How To Deal With Diarrhea In Infants Aged 2 Months?

Illustration of How To Deal With Diarrhea In Infants Aged 2 Months?
Illustration: How To Deal With Diarrhea In Infants Aged 2 Months?

my child is 2 months old 13hr, now is experiencing diarrhea, has defecated for 5 times, then tomorrow diarrhea has not, in the morning he diarrhea again for 2x, what is called diarrhea, then my child also has the flu, cough, not accompanied by fever, please give a solution .. My child is using milk powder, and he has been taken to the pediatrician too, but before going to the pediatrician, my child did not experience diarrhea.

1 Answer:

Good afternoon, thanks for the question

Acute diarrhea is bowel movements more than 3 times in 24 hours with a liquid consistency and lasts less than 1 week.

Diarrhea in children can be caused by:
1. Bacterial infection
2. Viral infection
3. Parasitic infections
4. Non-infectious (eg impaired food absorption, food poisoning, allergies, intestinal movement disorders, immune disorders, eating difficulties, etc.)

In addition to the above factors, diarrhea in infants can also be caused by behavioral factors, such as:
1. Do not provide exclusive breastfeeding, providing complementary food / MPASI too early will speed up baby's contact with germs.
2. Using a milk bottle has been shown to increase the risk of diarrhea because it is very difficult to clean the milk bottle.
3. Do not apply the habit of washing hands with soap before giving milk / food, after defecation (BAB), and after cleaning the child's chapter.
4. Food storage is not hygienic.

In this case diarrhea may be caused by hygienic processing of formula milk, viral infections, or the use of drugs primarily antibiotics. Antibiotic related diarrhea is a condition of liquid bowel movements with more than normal frequency after taking certain types of antibiotics to treat germ infections.
In general, this type of diarrhea is not severe and complaints will decrease a few days after stopping the consumption of antibiotics. Usually antibiotic-related diarrhea appears after about 1 week of taking antibiotics. Clostridium difficile bacterial toxin is often the cause of the emergence of intestinal inflammation due to previous antibiotic use causing disruption of the balance of normal bacteria in the intestine.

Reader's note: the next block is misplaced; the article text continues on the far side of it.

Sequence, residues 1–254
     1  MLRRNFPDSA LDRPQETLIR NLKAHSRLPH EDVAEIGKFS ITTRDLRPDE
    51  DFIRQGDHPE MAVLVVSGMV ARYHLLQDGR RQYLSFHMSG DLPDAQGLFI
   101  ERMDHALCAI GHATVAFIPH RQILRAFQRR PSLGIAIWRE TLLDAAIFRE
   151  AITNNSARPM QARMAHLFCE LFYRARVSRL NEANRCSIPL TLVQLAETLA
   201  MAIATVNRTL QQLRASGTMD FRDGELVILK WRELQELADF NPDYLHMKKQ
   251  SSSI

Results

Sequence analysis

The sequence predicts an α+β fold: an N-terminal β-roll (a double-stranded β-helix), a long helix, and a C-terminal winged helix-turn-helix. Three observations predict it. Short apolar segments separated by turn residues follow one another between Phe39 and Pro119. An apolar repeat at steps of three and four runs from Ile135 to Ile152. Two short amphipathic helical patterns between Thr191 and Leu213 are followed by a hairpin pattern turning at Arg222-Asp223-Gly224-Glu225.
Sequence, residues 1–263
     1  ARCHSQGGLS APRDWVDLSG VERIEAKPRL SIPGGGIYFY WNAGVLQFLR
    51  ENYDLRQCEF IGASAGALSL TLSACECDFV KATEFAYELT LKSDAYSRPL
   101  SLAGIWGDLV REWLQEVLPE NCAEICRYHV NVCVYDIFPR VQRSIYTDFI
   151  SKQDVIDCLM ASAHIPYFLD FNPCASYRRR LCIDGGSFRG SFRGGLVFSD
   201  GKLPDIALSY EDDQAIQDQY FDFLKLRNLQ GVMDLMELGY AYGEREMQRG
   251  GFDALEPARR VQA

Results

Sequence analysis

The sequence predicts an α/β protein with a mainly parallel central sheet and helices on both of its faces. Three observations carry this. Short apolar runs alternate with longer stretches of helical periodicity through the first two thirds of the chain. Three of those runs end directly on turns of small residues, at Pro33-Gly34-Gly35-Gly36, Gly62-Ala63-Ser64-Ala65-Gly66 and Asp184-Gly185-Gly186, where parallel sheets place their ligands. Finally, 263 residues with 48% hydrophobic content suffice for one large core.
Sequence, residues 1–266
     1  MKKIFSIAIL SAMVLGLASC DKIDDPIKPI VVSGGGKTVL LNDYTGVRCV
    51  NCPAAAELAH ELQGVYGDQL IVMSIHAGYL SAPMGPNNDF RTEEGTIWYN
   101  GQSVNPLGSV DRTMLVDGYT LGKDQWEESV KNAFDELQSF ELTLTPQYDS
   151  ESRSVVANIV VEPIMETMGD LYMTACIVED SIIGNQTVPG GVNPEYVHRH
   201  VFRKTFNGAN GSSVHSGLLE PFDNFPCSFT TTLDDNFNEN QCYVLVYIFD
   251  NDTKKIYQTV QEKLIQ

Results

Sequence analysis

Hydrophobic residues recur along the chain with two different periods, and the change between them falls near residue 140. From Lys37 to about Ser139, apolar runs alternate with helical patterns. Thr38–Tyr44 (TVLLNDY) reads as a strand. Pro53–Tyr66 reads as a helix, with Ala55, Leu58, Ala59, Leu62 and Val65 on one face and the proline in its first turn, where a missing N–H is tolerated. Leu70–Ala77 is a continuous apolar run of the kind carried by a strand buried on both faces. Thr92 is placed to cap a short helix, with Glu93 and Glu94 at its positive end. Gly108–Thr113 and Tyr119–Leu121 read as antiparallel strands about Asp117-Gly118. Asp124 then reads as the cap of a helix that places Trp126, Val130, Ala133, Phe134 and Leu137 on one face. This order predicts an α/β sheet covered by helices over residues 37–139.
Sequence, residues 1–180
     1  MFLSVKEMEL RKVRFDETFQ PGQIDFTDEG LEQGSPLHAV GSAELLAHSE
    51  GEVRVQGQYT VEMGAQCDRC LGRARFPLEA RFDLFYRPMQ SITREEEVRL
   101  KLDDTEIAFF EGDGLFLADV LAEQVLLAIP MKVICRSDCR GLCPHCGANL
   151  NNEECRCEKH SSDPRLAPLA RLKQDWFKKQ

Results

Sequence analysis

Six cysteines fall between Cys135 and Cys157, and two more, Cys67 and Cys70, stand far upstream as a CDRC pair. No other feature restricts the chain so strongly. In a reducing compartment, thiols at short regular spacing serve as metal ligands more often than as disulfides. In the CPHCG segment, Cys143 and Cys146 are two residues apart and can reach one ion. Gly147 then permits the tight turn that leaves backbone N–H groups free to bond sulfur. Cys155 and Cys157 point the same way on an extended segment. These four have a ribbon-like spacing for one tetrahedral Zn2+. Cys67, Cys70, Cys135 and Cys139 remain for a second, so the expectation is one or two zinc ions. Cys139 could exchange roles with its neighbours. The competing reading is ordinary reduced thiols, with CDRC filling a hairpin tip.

If no signs of dehydration are found (signs of dehydration for example: appear limp, sunken fontanel, very thirsty so do not want to drink, no longer active, dry mouth mucosa, no tears) then parents need to provide replacement of lost fluids through diarrhea and continuing nutrition. Children can be given ORS as much as 50-100 ml after each diarrhea. Breast milk or formula milk can be continued to prevent weight loss due to diarrhea, and improve personal hygiene and the environment around children.

However, if there are symptoms of fever, bloody stool, eating or drinking a little, very thirsty, urinating a little, more frequent diarrhea, or complaints have not improved in 3 days then do not hesitate to consult further with a pediatrician. Diarrhea in children should be watched out because the child's condition can quickly decline if classified as severe and do not get proper treatment.

That's all, hope you can help.

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